Local Org Working to Provide Shelter, Meals for Homeless Population Amid Pandemic
ST. CLOUD – A fledgling organization is helping those experiencing homelessness safely navigate the ongoing COVID-19 pandemic.
Homeless Helping Homeless was founded in 2019 by Harry Fleegel and a coalition of people who have experienced homelessness. Fleegel, who had recently retired from a career helping immigrants set up small businesses, was a regular volunteer at Place of Hope in St. Cloud.
“I decided watching TV wasn’t the way to spend retirement,” Fleegel laughed.
In their earliest meetings, Fleegel says the group tackled the issue of access to reliable transportation.
“Buses don’t always run where or where you want them to,” he said. “People were having trouble getting to their jobs, doctor’s appointments and things of that nature. That was one of the first things people were talking about when we got together.”
Fleegel said volunteers with cars put together a schedule to help those without transportation get to work, job interviews and medical appointments.
The next order of business, Fleegel says, was to help those climbing out of homeless find essential household items.
“All of their funds were being used up on an apartment deposit and the first month’s rent,” Fleegel said. “So, they get into the apartment, but they have nothing – no furniture, tables, chairs, beds, dishes, anything.”
Fleegel says Homeless Helping Homeless was soon able to help furnish apartments and homes with donated items.
Last winter, Homeless Helping Homeless began working on their third and what Fleegel describes as their most pressing issue: getting people off the street and into safe, warm housing.
“Last winter was very, very cold,” Fleegel said. “We had people sleeping outside in tents, people getting frostbite. They needed a warmer place to be, and all of the existing homeless shelters were either full or had requirements that made it impossible for some of the folks to get in there.”
Homeless Helping Homeless began partnering with hotels to house individuals and families shortly before the COVID-19 pandemic began.
“That’s when we started working with motels in a major way,” Fleegel said.
Fleegel says the city of St. Cloud awarded Homeless Helping Homeless with grants to pay for long-term, reduced rate hotel lodging.
“A lot of local charities and churches have also provided funds to get people off the street and into safe, sanitary conditions,” Fleegel said.
As of mid-July, Fleegel says 142 people – 35 of whom are children – are living in a St. Cloud-area hotel.
“Sometimes hotels contact us, some of them contacted us and wanted to help out because they knew it was a national problem and they wanted to help us out,” said Fleegel. “We’re using the same motels we used in the wintertime. We already had a relationship with them. We arranged for lower rates than normal, but none of the people staying there pay anything.”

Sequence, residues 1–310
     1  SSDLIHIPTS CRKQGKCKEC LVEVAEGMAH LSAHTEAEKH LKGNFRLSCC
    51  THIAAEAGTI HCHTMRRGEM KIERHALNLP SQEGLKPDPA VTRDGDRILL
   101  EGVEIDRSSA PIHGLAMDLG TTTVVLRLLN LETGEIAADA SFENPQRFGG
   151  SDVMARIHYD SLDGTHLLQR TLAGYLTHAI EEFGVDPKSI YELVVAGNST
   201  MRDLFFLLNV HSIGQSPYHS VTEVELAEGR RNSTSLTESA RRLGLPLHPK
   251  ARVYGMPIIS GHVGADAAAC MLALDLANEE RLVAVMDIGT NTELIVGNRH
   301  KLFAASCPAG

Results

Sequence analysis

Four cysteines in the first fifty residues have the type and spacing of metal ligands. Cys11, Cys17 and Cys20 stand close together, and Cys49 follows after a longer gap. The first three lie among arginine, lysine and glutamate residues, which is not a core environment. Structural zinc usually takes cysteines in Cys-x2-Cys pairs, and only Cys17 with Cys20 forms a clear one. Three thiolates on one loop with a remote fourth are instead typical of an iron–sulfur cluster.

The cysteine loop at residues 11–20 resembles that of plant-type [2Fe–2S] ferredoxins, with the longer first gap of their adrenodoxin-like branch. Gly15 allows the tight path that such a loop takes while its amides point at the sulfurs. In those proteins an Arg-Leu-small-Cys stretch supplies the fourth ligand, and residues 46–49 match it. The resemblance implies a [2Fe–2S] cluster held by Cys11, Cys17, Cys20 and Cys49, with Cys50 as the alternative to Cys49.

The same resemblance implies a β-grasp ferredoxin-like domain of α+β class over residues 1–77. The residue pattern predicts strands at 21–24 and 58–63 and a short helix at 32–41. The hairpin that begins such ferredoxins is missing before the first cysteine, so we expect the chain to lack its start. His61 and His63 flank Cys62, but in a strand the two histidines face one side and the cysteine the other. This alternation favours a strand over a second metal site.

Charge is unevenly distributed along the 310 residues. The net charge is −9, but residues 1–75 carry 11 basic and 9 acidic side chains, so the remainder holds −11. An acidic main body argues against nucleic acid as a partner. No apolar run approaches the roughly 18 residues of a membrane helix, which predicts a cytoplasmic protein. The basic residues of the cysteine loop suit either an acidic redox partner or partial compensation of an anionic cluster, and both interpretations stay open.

Fleegel says some people have been in a hotel since the program began.
“They’re using this time to find jobs, to save up their money for their security deposits and first month’s rent,” Fleegel said. “It’s very difficult to find apartments in the city of St. Cloud within the price range that these people can afford.”
Fleegel says many of the people they serve are dealing with barriers to housing – past evictions, joblessness, poor credit or a criminal record.
“It’s almost impossible to find housing with any of those things on your record,” he said. “The process is oftentimes difficult for them because they have no phones or mailing addresses. You can’t mail a rental application to them. So, it requires a lot of in-person, face-to-face time.”
Hotel residents are also provided with daily meals. Fleegel says about 60 volunteers regularly deliver meals and other items, such as clothing and personal hygiene supplies. Meals are prepared in approved kitchens with stringent sanitary practices, and deliveries are contact-free.
“(Volunteers) just knock and leave meals outside their doors,” he said. “That way, we keep the people in the hotels safe, and we keep the people delivering the meals safe.”
“It’s quite an operation,” he added.
Fleegel says no one living in any of the hotels has tested positive for COVID-19.
“The motels have filled their purposes,” he said. “This is why the grants were given to us – to keep them safe from the virus.”
Fleegel doesn’t have COVID-19 statistics for the population of homeless people in St. Cloud still living outdoors, but suspects the number of positive cases remains low.
“I have to believe it isn’t a high number, because we’ve already placed the most susceptible people in hotels,” he said. “That’s how we prioritize. Those who are most prone to getting the illness, we place first. The young and the healthy, much to their chagrin, have to stay outside until we have room.”
“And we’ve got a waiting list of about 166 people,” Fleegel added. “If I have an opening in a hotel, it’s usually filled in a matter of minutes.”
Fleegel says Homeless Helping Homeless can always use more volunteers. They’re also in need of monetary donations and supplies like tents and sleeping bags for those still living outdoors.
To learn more, visit Homeless Helping Homeless's website.